Monroeville: The Search for Harper Lee's Maycomb (Images of America: Alabama)
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For 39 years, people from all over the world and all walks of life have come to the small town of Monroeville, Alabama, in search of a place called Maycomb. They come in search of a story that have moved millions of people with its enduring message, and in search of the world of the storyteller. Monroeville: The Search for Harper Lee's Maycomb explores the relationship between Harper Lee's hometown and the setting of her Pulitzer Prize-winning novel, To Kill a Mockingbird. Born in response to the curiosities of visitors to the Monroe County Heritage Museums, this book explores the parallels between the tow worlds through vintage images and informative captions. Included are photographs of the Lee family and the author in her early years; the sights of Monroeville that undoubtedly inspired the setting of Maycomb; the cast of the Oscar-winning film adaptation that premiered in 1963; and the Mockingbird Players, a group of Monroeville residents who, each year in May, present an authentic production of the two-act play adapted by Christopher Sergel. Among the visitors to Monroeville are teachers and lawyers making a pilgrimage to Atticus' courtroom, scholars in search of unanswered questions, and fans of the novel trying to capture a glimpse of Scout's world. The Monroe County Heritage Museums, under the direction of Kathy McCoy, made this possible in 1991 with the opening of the Old Courthouse Museum on the town square. Visitors now leave Monroeville feeling as if they walked the streets of Maycomb on a hot summer day, enchanted by the imagined presence of Sout, Jem, and Dill exploring their neighborhood in an era of tumultuous change.
and rails and changed the name to the Manistee and Repton Railroad. He remained general manager until his death in 1962. Dickie Williams, owner of William’s Drugs on the Square, is Harper Lee’s cousin. “As far as being rich and fancy, Nelle’s not,” Dickie Williams told a reporter from the Washington Post recently. “I call her my rich kinfolk, but you wouldn’t think she had a nickel.” The June 10, 1999 article by Sue Anne Pressley continues, “As family, Williams has not shied from asking the
businessman and local historian. “I caddied for Mr. Lee for 15 cents for the first round and 10 cents for the second. He used a small cloth bag with only a few clubs, and had an unusual golf stance and swing—and my wife played with Nelle for years. Golf is big in Monroeville.” “People called Mr. Lee, ‘Coley,’ ” says A.B. Blass Jr. “In Kiwanis, we had to call people by their given name. We were told to call him ‘Coley.’ You can imagine how hard it was for a boy right out of college to call this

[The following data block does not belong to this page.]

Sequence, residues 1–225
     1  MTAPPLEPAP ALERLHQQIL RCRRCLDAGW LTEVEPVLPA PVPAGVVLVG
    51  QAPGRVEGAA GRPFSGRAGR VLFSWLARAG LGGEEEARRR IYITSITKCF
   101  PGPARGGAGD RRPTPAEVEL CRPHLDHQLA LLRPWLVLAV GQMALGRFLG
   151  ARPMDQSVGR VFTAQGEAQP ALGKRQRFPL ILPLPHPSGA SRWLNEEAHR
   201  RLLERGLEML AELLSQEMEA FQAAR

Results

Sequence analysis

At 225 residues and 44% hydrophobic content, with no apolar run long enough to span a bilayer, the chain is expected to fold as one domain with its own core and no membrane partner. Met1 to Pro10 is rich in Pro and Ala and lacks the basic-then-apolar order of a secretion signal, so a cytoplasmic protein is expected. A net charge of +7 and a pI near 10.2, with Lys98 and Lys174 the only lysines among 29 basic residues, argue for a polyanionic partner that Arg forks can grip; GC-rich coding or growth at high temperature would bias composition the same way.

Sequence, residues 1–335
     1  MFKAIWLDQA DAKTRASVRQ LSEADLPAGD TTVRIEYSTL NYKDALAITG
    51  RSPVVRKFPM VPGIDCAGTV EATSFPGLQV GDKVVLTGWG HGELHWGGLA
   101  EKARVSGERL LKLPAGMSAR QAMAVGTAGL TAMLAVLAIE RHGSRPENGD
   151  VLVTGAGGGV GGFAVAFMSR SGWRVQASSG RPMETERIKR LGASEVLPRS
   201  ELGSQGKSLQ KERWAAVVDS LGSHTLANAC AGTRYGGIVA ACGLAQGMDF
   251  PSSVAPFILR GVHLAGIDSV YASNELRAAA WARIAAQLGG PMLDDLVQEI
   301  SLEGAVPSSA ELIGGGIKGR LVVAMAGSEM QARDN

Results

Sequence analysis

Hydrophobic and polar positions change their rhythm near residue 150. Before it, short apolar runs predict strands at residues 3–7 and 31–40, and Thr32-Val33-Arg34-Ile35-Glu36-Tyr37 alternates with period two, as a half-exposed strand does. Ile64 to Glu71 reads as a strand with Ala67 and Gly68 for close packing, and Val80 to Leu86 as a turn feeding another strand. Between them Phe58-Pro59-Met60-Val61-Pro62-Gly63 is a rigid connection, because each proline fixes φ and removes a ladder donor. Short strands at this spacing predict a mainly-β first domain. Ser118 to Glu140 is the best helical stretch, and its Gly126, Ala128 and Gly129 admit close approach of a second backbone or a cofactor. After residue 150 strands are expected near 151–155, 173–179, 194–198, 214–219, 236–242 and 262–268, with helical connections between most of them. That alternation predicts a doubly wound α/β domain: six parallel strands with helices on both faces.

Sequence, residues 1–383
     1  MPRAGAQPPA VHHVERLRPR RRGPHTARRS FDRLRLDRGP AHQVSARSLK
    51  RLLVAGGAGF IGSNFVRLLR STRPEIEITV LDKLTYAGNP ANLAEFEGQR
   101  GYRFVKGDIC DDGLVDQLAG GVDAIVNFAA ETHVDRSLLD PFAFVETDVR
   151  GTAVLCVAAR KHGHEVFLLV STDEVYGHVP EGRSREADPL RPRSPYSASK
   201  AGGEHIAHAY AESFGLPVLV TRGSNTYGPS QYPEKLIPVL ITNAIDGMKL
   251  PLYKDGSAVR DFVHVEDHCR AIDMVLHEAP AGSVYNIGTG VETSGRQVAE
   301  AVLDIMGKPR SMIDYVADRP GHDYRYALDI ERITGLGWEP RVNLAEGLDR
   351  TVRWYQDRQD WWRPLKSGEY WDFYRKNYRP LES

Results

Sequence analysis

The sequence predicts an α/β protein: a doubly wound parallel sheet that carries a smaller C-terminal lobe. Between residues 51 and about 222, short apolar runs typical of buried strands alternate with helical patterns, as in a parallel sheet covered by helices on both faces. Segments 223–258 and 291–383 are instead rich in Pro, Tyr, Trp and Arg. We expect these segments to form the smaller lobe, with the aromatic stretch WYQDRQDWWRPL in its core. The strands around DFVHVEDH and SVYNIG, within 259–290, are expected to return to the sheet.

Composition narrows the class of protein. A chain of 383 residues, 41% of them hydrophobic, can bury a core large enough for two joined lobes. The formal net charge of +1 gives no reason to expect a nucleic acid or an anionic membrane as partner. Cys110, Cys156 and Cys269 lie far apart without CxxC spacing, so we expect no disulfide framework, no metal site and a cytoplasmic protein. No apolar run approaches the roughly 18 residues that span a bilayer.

Garry commented, “I read recently that Abraham Lincoln, when he met Harriet Beecher-Stowe, the author of ‘Uncle Tom’s Cabin,’ said ‘So you’re the little lady that started our grand war then.’ “I suppose history will remember Nelle Lee in much the same way. She seems to have crystallised the conscience of the nation at a pivotal moment in the history of the Civil Rights Movement and provided a living dramatic context for people to identify their feelings about injustice and prejudice with. More
steamboat era of the nineteenth century. The principal product of Alabama was cotton, which was shipped to Mobile from the many plantations along the river. Supplies for the plantations were delivered to the steamboat landings. Steamboat travel ended when the railroads became more accessible in the early 1900s. In the 1930s, train travel continued in Monroe County, county roads were improved, and a bus station operated in Monroeville. Today, an interstate highway is as close as 20 miles, yet the
Persons, as he was known then, was very agile and was noted for turning cartwheels down the sidewalk in front of the house. “Since he was small,” says Dr. Murphy, “some of the larger kids would pick on him. As a result, when someone big would try to pick on him, he would turn a cartwheel and ask the bully if he could turn one. This confused the bully, and the next thing you knew, Truman was able to avoid a fight because he had diverted the attention of the bully.” The old Faulk house burned in